3. Companies must strictly comply with the approval and disclosure requirements under the Listing Rules of the Stock Exchange of Hong Kong when entering into connected transactions. The Listing Rules set out detailed requirements for the conclusion, approval and disclosure of connected transaction contracts and the related contents, which should be strictly complied with unless a waiver has been obtained from Hong Kong Exchanges and Clearing Ltd (HKEX) in advance.
4. Companies should also pay close attention to the complexity of connected transactions and the transfer of interests, maintaining commercial vigilance and guarding against behaviours that circumvent connected transaction rules. Directors have a duty to conduct due diligence on connected transactions, identify the structure of counterparties and other related parties, and determine whether there are complex structures to hide connected transactions.
In November 2019, the SFC issued its Statement on the Disclosure of Actual Controllers or Beneficial Owners of Counterparties to a Transaction, pointing out that ‘special purpose entities are being misused as part of wider schemes to engage in illicit activities, to perpetuate market misconduct or to avoid laws, rules or regulations.’ In the same month, HKEX required listed companies to disclose the identity of connected parties in announcements under Rule 14.58 of the revised Listing Rules, and in December 2020, published further Guide on Connected Transaction Rules, emphasising the need to disclose any significant relationships between parties (and their ultimate beneficial owners) and related parties, such as loans lent/borrowed to related parties before the transaction, related parties providing funding for connected parties’ pre-existing M&A plans, etc.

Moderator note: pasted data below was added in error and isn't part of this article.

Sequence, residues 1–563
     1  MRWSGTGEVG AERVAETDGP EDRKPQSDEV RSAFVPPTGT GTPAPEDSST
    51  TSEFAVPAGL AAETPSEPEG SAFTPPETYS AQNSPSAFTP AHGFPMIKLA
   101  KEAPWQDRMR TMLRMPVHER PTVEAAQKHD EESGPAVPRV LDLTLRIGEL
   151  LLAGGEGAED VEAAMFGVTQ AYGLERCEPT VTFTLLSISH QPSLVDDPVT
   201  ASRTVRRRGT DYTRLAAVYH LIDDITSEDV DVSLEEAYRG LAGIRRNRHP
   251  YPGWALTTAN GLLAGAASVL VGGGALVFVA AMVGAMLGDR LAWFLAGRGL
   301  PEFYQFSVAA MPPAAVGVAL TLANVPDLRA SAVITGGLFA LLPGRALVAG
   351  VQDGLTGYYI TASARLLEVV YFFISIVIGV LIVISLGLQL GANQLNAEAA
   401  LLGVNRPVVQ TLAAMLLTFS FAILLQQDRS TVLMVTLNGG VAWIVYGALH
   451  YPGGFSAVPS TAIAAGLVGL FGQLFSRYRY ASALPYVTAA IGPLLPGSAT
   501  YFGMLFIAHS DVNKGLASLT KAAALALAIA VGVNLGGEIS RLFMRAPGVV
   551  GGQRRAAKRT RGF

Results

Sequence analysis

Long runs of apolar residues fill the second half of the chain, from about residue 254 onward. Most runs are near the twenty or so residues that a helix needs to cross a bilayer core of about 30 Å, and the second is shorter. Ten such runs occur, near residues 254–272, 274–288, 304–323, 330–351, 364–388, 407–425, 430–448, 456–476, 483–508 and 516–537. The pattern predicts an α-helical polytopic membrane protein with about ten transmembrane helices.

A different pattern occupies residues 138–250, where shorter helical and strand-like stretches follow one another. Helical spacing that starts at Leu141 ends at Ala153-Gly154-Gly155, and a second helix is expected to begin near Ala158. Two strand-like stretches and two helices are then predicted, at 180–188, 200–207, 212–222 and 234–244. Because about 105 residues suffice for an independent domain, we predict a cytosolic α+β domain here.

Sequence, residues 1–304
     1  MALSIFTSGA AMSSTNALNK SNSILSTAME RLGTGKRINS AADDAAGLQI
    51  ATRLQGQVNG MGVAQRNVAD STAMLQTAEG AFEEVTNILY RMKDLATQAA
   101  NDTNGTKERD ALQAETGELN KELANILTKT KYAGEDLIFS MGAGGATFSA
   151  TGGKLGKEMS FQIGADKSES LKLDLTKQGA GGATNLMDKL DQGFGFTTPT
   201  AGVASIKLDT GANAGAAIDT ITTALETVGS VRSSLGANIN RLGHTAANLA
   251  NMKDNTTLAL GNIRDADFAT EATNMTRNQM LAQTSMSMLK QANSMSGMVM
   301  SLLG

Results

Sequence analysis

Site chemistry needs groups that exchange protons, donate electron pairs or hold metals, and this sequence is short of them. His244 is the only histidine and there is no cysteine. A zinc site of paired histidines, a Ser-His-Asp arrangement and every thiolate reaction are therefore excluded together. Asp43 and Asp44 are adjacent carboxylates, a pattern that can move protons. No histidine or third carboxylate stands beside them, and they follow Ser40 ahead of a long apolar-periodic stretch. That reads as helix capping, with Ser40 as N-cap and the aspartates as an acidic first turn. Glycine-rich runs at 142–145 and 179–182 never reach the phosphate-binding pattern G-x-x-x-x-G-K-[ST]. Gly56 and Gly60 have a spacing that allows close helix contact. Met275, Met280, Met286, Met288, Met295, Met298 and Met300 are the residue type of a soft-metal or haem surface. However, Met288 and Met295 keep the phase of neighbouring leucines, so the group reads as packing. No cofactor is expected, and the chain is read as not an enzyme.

5. Judgments on the commercial nature of connected transactions cannot simply rely on the opinions of independent financial advisors. Reports issued by independent financial advisors based on contractual terms may not fully reflect the commercial nature and potential risks of transactions, and directors and boards may not be able to fully rely on such reports to defend themselves against legal liabilities.
In May 2017, the SFC issued guidance on directors’ duties regarding transaction valuation, emphasising that directors must act honestly in the best interests of the company and exercise appropriate and reasonable levels of prudence, skill, and due diligence when considering, proposing, or approving company transactions. They must conduct independent due diligence on the relevant assets or target companies and should not blindly or unquestioningly accept financial forecasts, assumptions or business plans provided by the management of the sellers or target companies.
6. As not only the directors and senior management, but also the major shareholders and subsidiaries, as well as the directors and senior management of a listed company, are involved in the decision-making and execution of connected transactions, the scope of the training on the relevant laws and the rules should be extended to the above mentioned persons in order to enable the listed company to comply with the Listing Rules.
Dr Gao Wei FCG HKFCG(PE)
Vice-President, Hong Kong Chartered Governance Institute
Dr Gao has served as the Institute’s Vice-President since 2014, and is in charge of the implementation
and supervision of the Institute’s China strategy.